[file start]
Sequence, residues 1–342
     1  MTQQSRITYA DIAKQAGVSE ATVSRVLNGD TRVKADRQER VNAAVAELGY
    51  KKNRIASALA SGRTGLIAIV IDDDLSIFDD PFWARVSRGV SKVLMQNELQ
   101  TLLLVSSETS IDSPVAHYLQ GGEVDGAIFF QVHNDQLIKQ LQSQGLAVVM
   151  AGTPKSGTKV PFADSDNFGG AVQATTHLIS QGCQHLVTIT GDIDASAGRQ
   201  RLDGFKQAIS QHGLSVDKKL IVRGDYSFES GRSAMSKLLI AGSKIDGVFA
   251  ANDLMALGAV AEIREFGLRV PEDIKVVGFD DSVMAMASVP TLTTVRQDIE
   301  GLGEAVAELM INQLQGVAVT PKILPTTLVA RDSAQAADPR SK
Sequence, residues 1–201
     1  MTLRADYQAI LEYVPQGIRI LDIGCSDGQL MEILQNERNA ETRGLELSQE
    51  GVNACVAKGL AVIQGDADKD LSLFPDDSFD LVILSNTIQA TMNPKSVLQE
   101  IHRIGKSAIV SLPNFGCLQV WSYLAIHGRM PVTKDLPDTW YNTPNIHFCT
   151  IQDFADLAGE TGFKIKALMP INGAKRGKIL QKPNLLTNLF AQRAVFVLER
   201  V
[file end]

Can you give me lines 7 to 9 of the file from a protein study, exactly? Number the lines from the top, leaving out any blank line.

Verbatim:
   251  ANDLMALGAV AEIREFGLRV PEDIKVVGFD DSVMAMASVP TLTTVRQDIE
   301  GLGEAVAELM INQLQGVAVT PKILPTTLVA RDSAQAADPR SK
Sequence, residues 1–201